Fire ants in the spotlight with Federal Senate inquiry viewing funding failures

The Invasive Species Council welcomes a Senate inquiry into fire ants. The inquiry will assess the cost of a fire ant invasion of Australia and the impact of delays to federal and state funding on the eradication program in south-east Queensland.

“Fire ants are a super pest which will devastate Australia’s environment and agriculture if they are allowed to spread across the country,” said Reece Pianta, Conservation Officer at the Invasive Species Council.

“They will cost our economy billions annually and we will see over 140,000 extra medical visits every year as they sting Australians at the park or in the backyard.

“It doesn’t matter if you are in Perth or Penrith, Bendigo or Byron Bay, the whole of Australia will be invaded if fire ants are not eradicated in south east Queensland.

“The good news is the evidence suggests they can still be eradicated with a significantly ramped-up program of baiting, surveillance and community engagement.

“The bad news is that delayed and inadequate government funding puts at risk the small window of opportunity we have left to stop their spread. 

“Underfunding by the Albanese Government means there is currently no systematic eradication work occurring to stop the western spread into the Murray Darling basin and the northern spread towards the Sunshine Coast. 

“This is a timely and essential senate inquiry that will put the costs and impacts of fire ants on the record and review the proposed fire ant response options.’

“For too long the public have had to rely on out-of-date reports and leaks from alarmed officials to understand what’s really going on with the fire ant eradication program. This is not good enough.

“Fire ants will not wait for the government to sort out its budget processes. Delay will mean failure and Australia can’t afford to fail,” said Mr Pianta.

Download the full leaked government response plan and appendices released by the Invasive Species Council.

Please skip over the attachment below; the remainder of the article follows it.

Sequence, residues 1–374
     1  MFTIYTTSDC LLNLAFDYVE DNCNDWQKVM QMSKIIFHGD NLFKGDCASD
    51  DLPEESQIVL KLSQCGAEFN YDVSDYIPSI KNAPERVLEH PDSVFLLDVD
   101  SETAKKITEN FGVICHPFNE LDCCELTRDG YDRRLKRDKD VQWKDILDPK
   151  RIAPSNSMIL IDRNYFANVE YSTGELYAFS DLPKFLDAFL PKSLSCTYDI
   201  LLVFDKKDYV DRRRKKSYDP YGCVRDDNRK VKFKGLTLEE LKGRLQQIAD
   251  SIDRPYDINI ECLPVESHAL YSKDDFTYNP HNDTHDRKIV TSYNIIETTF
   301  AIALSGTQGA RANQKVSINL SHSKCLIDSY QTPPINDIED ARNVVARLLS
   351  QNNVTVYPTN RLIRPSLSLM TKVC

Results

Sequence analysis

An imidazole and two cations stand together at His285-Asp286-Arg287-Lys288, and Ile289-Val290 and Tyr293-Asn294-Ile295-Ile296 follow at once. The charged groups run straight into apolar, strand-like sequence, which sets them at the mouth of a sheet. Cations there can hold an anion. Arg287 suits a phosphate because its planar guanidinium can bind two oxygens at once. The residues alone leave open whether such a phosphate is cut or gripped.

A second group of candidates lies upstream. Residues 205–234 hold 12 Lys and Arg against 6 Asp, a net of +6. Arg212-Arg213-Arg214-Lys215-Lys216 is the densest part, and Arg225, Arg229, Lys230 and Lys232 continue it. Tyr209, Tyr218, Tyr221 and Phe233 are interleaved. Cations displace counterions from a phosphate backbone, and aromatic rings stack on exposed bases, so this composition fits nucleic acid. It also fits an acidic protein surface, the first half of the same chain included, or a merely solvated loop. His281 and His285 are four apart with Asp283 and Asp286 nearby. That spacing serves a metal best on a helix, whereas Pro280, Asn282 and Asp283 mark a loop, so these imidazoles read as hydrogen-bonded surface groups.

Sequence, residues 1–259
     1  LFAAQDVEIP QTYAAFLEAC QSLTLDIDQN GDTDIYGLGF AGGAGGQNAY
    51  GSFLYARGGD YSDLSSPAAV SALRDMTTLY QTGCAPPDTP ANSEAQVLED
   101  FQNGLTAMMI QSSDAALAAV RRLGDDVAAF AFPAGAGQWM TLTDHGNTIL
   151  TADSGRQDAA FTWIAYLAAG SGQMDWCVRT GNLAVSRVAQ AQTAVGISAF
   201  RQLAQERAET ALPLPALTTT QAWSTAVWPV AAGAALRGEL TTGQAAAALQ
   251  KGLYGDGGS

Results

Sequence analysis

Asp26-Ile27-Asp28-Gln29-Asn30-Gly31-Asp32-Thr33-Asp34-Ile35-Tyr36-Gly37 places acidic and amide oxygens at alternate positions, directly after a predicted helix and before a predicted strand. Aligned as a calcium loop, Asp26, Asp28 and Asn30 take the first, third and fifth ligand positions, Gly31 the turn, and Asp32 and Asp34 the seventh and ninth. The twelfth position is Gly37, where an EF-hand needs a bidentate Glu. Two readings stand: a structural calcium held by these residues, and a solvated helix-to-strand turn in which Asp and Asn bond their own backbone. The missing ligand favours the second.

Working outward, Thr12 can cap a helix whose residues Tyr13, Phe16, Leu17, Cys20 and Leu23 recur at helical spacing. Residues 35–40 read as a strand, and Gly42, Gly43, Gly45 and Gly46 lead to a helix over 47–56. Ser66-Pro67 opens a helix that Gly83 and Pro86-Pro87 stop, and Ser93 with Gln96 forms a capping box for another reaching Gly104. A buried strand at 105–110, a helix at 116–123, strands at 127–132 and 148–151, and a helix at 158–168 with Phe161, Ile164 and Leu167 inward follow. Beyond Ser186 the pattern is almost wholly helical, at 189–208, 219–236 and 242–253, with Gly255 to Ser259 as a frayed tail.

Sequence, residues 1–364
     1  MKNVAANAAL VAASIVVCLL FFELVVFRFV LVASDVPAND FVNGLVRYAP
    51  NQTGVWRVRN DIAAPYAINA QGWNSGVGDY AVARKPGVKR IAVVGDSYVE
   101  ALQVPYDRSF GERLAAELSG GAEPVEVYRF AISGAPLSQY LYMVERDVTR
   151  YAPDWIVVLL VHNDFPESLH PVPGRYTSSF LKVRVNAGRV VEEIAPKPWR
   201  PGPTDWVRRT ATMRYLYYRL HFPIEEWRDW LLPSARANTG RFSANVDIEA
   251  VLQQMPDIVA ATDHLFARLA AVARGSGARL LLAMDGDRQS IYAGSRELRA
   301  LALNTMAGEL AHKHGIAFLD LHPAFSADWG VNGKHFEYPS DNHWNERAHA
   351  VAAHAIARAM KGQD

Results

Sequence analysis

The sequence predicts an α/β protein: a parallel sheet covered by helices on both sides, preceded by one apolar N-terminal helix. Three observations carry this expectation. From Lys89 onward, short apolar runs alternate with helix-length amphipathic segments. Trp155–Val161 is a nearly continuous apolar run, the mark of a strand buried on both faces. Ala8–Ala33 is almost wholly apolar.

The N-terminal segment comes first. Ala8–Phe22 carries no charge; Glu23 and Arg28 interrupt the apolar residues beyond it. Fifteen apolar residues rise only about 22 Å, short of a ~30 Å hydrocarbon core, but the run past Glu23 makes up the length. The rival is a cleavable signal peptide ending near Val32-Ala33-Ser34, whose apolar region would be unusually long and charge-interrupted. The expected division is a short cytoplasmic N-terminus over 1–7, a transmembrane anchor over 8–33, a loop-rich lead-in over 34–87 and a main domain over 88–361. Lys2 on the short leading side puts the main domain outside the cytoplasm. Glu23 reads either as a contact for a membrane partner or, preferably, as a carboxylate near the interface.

• Fire ant populations are surging in Queensland – now just 5 kilometres from the New South Wales border. Hundreds of new nests have been detected since June. Earlier this year a fire ant queen from Queensland was intercepted in Victoria. 
  • The Invasive Species Council recently released secret government documents that detail at least a $49 million shortfall in fire ant funding for 2023/24, risking the spread of the super pest across Australia.
  • The government’s proposed eradication response plan will cost $593 million over the next four years, co-funded by the commonwealth and all states and territories.
  • So far, only Queensland ($61 million or 10.3% of the total needed 2023-27) and NSW ($95 million or 16%) have made public commitments in line with the cost sharing arrangements required for the full proposed fire ant response plan.
  • Fire ants can be lethal to humans and government modelling suggests they will have a $2 billion per year impact on Australia’s economy if they get out of control. They will devastate wildlife, cut agricultural output by up to 40% and may cause over one hundred thousand extra medical appointments each year.
  • Fire ants can form rafts during flood events, stowaway in freight or soil or spread by Queen ant flights of around 5 km per year (and up to 30 km in favourable conditions).
  • The National Red Imported Fire Ant Eradication Program strategic review estimated that at least $200 to $300 million per year will be required for ongoing eradication efforts to achieve eradication by 2032 – this compares to $94 million spent in 2022/23 and only $60 million committed for this financial year.
  • Recently Australia’s governments committed to ongoing fire ant eradication but have not yet committed any new funding to fight fire ants in Australia. Fire ant eradication is being led by the Queensland government but is funded by all Australian governments because fire ants are a threat to the whole country.
  • Fire ants came into Australia in the late 90s in freight from the United States, they were found in 2001. Fire ants are originally from South America.
  • Fire ants have spread across most of the southern United States, and are spreading in China at a rate of about 80 km per year.
  • Almost all of Australia is climatically suitable for fire ants

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